7. 23 Bond Classifications • Registered vs. Bearer Forms • Security – Collateral – 7. 23 Bond Classifications • Registered vs. Bearer Forms • Security – Collateral – secured by financial securities – Mortgage – secured by real property, normally land or buildings – Debentures – unsecured debt with original maturity of 10 years or more – Notes – unsecured debt with original maturity less than 10 years • Seniority – Sinking Fund – Account managed by the bond trustee for early bond redemption Copyright © 2005 Mc. Graw-Hill Ryerson Limited. All rights reserved.

7. 24 Bond Classifications Continued • Call Provision – Call premium – Deferred call 7. 24 Bond Classifications Continued • Call Provision – Call premium – Deferred call – Call protected – Canada plus call • Protective Covenants – Negative covenants – Positive covenants Copyright © 2005 Mc. Graw-Hill Ryerson Limited. All rights reserved.

7. 25 Bond Characteristics and Required Returns • The coupon rate depends on the 7. 25 Bond Characteristics and Required Returns • The coupon rate depends on the risk characteristics of the bond when issued • Which bonds will have the higher coupon, all else equal? – Secured debt versus a debenture – Subordinated debenture versus senior debt – A bond with a sinking fund versus one without – A callable bond versus a non-callable bond Copyright © 2005 Mc. Graw-Hill Ryerson Limited. All rights reserved.

7. 26 Bond Ratings – Investment Quality 7. 3 • High Grade – DBRS’s 7. 26 Bond Ratings – Investment Quality 7. 3 • High Grade – DBRS’s AAA – capacity to pay is exceptionally strong – DBRS’s AA – capacity to pay is very strong • Medium Grade – DBRS’s A – capacity to pay is strong, but more susceptible to changes in circumstances – DBRS’s BBB – capacity to pay is adequate, adverse conditions will have more impact on the firm’s ability to pay Copyright © 2005 Mc. Graw-Hill Ryerson Limited. All rights reserved.

7. 27 Bond Ratings - Speculative • Low Grade – DBRS’s BB, B, CCC, 7. 27 Bond Ratings - Speculative • Low Grade – DBRS’s BB, B, CCC, CC – Considered speculative with respect to capacity to pay. • Very Low Grade – DBRS’s C – bonds are in immediate danger of default – DBRS’s D – in default, with principal and/or interest in arrears Copyright © 2005 Mc. Graw-Hill Ryerson Limited. All rights reserved.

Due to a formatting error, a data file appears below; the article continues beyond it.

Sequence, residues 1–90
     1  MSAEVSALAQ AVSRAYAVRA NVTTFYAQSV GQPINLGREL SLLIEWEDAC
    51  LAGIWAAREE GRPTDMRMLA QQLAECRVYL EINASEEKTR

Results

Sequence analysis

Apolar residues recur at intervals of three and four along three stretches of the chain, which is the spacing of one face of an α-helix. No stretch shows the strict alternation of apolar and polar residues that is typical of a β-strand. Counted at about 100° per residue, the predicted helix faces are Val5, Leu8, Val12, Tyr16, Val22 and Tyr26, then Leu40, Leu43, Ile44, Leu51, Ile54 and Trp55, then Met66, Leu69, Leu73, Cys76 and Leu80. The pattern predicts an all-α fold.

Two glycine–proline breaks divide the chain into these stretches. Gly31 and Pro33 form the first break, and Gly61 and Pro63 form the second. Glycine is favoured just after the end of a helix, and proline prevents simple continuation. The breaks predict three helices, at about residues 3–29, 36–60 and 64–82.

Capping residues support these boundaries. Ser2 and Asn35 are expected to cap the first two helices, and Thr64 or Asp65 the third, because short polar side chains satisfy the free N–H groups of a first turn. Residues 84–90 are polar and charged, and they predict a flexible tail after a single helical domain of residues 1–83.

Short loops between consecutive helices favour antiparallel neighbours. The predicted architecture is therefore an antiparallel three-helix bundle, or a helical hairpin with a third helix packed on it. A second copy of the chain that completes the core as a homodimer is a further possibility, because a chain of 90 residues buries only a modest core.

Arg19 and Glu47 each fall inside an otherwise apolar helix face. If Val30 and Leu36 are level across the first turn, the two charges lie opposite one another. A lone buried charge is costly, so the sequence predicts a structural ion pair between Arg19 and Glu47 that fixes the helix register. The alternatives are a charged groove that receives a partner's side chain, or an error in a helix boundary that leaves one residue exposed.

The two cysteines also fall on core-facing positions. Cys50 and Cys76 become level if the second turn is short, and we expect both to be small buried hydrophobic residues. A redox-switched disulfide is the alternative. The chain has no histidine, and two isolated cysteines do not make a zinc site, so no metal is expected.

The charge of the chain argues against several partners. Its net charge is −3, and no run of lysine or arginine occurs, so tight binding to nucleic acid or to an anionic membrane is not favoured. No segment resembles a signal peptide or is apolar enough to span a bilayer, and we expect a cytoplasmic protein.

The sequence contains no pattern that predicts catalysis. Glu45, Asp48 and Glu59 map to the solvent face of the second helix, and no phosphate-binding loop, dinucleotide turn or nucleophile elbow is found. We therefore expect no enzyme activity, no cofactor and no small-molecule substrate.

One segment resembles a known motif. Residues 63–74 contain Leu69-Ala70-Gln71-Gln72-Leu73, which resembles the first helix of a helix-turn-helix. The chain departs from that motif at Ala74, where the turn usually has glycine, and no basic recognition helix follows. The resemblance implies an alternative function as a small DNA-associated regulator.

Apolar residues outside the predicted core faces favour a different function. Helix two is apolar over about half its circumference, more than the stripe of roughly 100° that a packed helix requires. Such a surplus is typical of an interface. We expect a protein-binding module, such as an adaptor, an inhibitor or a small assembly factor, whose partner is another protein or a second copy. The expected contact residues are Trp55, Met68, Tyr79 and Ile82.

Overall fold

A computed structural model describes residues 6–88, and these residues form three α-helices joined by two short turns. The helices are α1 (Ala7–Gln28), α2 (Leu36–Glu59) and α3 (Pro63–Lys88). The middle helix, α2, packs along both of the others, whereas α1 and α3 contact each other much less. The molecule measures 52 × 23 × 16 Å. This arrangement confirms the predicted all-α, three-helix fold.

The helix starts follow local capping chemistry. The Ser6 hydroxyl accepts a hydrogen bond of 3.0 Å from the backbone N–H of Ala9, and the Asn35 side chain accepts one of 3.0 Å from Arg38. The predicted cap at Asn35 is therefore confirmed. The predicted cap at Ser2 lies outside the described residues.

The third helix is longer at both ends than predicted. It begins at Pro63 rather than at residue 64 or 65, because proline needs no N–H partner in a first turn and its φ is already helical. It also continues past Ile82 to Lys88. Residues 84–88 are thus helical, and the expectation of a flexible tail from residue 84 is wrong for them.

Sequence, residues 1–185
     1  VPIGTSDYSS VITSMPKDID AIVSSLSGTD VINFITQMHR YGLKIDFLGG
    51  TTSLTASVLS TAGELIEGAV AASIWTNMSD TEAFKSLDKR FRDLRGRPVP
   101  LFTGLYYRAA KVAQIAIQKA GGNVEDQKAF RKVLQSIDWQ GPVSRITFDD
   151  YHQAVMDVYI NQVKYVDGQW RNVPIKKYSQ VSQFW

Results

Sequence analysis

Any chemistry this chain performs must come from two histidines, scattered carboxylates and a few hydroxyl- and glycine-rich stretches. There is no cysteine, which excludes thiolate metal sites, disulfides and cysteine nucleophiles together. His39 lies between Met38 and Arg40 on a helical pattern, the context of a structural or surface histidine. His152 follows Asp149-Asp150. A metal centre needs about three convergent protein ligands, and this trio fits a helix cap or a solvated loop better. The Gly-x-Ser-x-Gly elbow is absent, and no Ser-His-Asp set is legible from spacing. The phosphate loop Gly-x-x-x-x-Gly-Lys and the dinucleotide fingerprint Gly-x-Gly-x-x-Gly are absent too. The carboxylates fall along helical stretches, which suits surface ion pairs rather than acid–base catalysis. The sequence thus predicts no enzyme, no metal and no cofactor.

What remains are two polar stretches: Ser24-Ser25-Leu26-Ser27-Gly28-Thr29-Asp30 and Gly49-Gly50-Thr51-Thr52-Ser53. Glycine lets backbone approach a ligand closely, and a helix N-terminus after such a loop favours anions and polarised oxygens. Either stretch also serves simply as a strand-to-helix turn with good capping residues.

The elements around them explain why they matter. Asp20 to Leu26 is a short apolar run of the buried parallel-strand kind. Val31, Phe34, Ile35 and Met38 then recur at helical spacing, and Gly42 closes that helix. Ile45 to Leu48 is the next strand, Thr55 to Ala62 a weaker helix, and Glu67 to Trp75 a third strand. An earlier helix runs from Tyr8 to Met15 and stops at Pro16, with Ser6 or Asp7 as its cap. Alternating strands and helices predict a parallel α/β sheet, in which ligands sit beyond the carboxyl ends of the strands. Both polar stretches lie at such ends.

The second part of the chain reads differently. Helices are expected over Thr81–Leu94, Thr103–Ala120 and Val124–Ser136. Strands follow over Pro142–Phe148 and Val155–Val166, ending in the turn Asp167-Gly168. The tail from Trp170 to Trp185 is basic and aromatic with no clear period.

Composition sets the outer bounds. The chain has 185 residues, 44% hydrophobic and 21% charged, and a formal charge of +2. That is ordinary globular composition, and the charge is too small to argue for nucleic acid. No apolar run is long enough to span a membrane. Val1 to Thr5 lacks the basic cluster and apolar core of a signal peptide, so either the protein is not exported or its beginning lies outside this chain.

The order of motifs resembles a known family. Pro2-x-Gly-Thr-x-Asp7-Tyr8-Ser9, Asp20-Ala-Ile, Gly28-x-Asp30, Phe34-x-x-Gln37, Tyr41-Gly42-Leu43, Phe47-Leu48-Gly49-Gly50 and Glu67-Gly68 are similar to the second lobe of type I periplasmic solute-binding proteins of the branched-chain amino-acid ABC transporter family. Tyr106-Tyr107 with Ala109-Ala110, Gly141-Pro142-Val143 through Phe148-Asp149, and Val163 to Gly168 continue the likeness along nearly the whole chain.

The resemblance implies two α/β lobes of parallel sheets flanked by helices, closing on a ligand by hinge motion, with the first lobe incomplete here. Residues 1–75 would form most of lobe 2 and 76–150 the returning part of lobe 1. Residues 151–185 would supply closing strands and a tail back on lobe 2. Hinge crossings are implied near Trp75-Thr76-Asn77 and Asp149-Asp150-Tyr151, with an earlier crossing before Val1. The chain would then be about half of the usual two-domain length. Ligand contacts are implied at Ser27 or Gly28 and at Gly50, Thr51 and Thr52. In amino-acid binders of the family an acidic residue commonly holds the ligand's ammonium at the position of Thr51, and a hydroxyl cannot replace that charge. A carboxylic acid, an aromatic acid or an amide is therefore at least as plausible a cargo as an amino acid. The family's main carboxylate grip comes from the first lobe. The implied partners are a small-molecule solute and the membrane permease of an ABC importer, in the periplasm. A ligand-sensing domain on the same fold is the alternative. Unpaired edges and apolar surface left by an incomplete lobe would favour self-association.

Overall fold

7. 28 Stripped or Zero-Coupon Bonds 7. 4 • Make no periodic interest payments 7. 28 Stripped or Zero-Coupon Bonds 7. 4 • Make no periodic interest payments (coupon rate = 0%) • The entire yield-to-maturity comes from the difference between the purchase price and the par value • Cannot sell for more than par value • Sometimes called zeroes, or deep discount bonds • Bondholder must pay taxes on accrued interest every year, even though no interest is received Copyright © 2005 Mc. Graw-Hill Ryerson Limited. All rights reserved.

7. 29 Floating Rate Bonds • Coupon rate floats depending on some index value 7. 29 Floating Rate Bonds • Coupon rate floats depending on some index value • There is less price risk with floating rate bonds – The coupon floats, so it is less likely to differ substantially from the yield-to-maturity • Coupons may have a “collar” – the rate cannot go above a specified “ceiling” or below a specified “floor” Copyright © 2005 Mc. Graw-Hill Ryerson Limited. All rights reserved.

7. 30 Other Bond Types • • • Disaster bonds Income bonds Convertible bonds 7. 30 Other Bond Types • • • Disaster bonds Income bonds Convertible bonds Put bond (retractable bond) LYON bond There are many other types of provisions that can be added to a bond and many bonds have several provisions – it is important to recognize how these provisions affect required returns Copyright © 2005 Mc. Graw-Hill Ryerson Limited. All rights reserved.

7. 31 Bond Markets 7. 5 • Primarily over-the-counter transactions with dealers connected electronically 7. 31 Bond Markets 7. 5 • Primarily over-the-counter transactions with dealers connected electronically • Extremely large number of bond issues, but generally low daily volume in single issues • Makes getting up-to-date prices difficult, particularly on small corporate issues • Treasury securities are an exception Copyright © 2005 Mc. Graw-Hill Ryerson Limited. All rights reserved.

7. 32 Bond Quotations • From Figure 7. 3 Canada 5. 000 Dec 01/03 7. 32 Bond Quotations • From Figure 7. 3 Canada 5. 000 Dec 01/03 101. 9 3. 05 – Issue is a Government of Canada bond – Coupon rate is 5% (assumed to be semiannual) – Maturity date is December 1, 2003 – Price that a bondholder can sell for is $1, 019 – Yield to maturity is 3. 05% compounded semiannually Copyright © 2005 Mc. Graw-Hill Ryerson Limited. All rights reserved.